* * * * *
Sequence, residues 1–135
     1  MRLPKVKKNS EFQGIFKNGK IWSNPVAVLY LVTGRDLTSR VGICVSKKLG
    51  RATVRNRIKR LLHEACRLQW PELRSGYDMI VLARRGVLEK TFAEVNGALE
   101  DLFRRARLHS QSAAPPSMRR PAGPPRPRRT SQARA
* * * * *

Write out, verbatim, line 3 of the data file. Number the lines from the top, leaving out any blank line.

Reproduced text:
    51  RATVRNRIKR LLHEACRLQW PELRSGYDMI VLARRGVLEK TFAEVNGALE